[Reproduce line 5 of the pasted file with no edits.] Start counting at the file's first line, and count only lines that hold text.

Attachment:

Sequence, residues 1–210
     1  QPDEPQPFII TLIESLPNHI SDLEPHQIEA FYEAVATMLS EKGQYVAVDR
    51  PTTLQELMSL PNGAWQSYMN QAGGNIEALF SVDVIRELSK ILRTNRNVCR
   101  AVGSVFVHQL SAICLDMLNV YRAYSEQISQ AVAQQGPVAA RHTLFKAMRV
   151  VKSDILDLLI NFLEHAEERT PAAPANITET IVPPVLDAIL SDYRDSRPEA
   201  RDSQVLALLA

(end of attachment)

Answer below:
   151  VKSDILDLLI NFLEHAEERT PAAPANITET IVPPVLDAIL SDYRDSRPEA